From Amnesty International.
SECOND ANNIVERSARY OF NEDA AGHA SOLTAN’S KILLING
20 June 2011
AI Index: MDE 13/061/2011
Iran: Second anniversary of Neda Agha Soltan ’s killing highlights near-total impunity for officials
Two years after the death of Neda Agha Soltan was captured on a mobile phone and came to symbolize the brutal repression meted out by security forces after the disputed presidential election of 2009, Amnesty International is renewing its call on the Iranian authorities to end impunity for officials responsible for unlawful killings, torture and other human rights violations.
Footage of Neda Agha Soltan’s dying moments, after being shot in the chest on 20 June 2009 spread around the world via the internet. No one has ever been brought to justice for her death, and instead of investigating it impartially, the Iranian authorities – following an entrenched pattern of cover-up of abuses – resorted to threats, counter-accusations, obfuscation and further violations to try to evade responsibility. A member of the Basij militia witnessed by onlookers as saying, “I did not mean to kill her”, whose ID card was posted on the internet, has never been put on trial, but appeared in a documentary shown a year ago on state television, denying responsibility. Arash Hejazi, the doctor who was present at the scene, was forced to seek asylum abroad, fearing for his safety. Neda Agha Soltan’s family and friends were made to appear on state televison denying the state was responsible, although her father Ali Agha Soltan told BBC Persian in December 2009 that “her killer can only be from the government”.
Neda Agha Soltan was one of over 70 people killed during the unrest that followed the election. The only instance where any officials have been tried in connection with abuses is in relation to the Kahrizak detention centre where at least four men died as a result of torture or other ill-treatment. Twelve men, believed to be 11 policemen and one detainee, were later tried, two of whom were reportedly sentenced to death, but it remains unclear what has become of the 11 the authorities said had been convicted in connection with abuses against detainees held there. No action has been taken against more senior officials who were implicated by a parliamentary investigation.
Other families also remain in the dark about the exact circumstances of their children’s fate such as Parvin Fahimi, who has campaigned to find out the truth about the death from a bullet wound to the heart of her son, 19-year-old Sohrab Arabi. He disappeared during a demonstration on 15 June 2009 and his family was then unable to find out any information about him until 11 July when they recognized him from photographs of dead individuals in court. His body had apparently been at the Coroner’s Office since 19 June. There remains no information as to what happened to him between 15 and 19 June 2009, including either the exact date, or the circumstances, of his death. The killer of Kianoush Asa, who died from a gunshot to the neck during a demonstration on 15 June 2009, has also never been identified.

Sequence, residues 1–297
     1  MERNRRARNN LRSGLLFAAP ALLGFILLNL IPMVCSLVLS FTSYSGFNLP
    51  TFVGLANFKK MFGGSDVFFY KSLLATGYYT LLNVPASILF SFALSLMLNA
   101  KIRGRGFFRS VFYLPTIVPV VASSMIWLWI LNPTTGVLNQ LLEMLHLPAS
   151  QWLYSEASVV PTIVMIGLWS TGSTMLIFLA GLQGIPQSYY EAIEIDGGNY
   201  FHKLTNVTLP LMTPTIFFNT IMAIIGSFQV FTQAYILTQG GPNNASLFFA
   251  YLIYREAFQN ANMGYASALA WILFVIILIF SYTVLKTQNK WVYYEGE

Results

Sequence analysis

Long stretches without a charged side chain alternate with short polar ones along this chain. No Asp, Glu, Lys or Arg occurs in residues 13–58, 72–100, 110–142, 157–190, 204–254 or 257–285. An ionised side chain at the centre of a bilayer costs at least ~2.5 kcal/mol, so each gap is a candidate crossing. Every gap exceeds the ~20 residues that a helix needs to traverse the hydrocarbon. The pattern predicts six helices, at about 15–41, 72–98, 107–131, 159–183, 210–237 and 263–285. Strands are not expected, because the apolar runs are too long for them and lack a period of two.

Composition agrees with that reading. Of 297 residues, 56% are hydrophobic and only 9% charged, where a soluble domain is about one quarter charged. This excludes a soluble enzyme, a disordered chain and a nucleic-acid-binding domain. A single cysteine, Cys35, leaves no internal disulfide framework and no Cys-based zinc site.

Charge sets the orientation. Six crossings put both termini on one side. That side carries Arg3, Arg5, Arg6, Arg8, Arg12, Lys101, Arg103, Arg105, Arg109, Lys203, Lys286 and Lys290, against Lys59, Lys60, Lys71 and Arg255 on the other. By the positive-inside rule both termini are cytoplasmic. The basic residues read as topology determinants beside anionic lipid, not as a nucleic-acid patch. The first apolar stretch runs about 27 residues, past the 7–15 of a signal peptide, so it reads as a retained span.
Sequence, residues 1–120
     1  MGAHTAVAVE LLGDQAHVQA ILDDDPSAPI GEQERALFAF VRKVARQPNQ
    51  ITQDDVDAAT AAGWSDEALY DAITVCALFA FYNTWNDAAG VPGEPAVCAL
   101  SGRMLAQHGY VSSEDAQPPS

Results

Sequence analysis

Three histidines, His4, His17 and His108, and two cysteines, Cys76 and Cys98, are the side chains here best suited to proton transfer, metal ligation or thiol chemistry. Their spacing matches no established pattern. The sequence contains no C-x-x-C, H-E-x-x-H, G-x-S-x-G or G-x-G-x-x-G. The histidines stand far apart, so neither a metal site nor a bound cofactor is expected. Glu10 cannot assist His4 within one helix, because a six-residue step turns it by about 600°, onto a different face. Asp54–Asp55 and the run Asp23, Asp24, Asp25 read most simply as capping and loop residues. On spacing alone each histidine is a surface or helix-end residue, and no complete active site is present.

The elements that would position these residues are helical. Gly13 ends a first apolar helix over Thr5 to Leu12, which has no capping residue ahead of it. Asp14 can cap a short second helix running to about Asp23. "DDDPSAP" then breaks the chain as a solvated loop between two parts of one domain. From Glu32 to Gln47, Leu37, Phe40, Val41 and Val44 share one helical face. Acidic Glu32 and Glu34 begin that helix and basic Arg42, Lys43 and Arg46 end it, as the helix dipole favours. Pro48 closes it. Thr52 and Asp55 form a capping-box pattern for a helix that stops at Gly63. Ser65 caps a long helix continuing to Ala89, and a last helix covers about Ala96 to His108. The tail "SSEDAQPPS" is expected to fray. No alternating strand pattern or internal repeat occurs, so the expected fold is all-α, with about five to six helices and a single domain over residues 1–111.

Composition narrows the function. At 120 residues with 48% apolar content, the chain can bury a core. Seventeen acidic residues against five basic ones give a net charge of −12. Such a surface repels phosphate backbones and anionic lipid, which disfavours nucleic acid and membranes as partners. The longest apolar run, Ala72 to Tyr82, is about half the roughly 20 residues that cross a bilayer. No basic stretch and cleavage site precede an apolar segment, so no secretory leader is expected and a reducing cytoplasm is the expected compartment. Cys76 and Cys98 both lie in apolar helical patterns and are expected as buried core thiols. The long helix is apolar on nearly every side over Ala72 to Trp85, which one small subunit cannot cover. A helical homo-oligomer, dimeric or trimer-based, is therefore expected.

Claims by the Iranian authorities to have investigated the events at a Tehran University dormitory on the night of 14 June 2009 appear to have resulted in victims being imprisoned rather than perpetrators. Up to five students were reported by student organizations to have been killed – although the university authorities later denied this - and many others seriously injured when unidentified plain-clothes forces stormed the dormitory, arresting hundreds. In May 2011, the Judiciary Spokesman Gholam-Hossein Mohseni-Ejeie (who was Minister of Intelligence at the time of the election) said that 40 individuals had been sentenced to prison terms and fines for the event. However, according to a statement by Tehran University’s Islamic Association on 15 June 2011, those in prison are students who were arrested at the time, not those responsible for the attack.
Article 2 (3) of the International Covenant on Civil and Political Rights (ICCPR) to which Iran is a state party requires states to provide an effective remedy for human rights violations, including the possibility of judicial remedy, and for such remedies to be enforced.
Read the complete statement here ...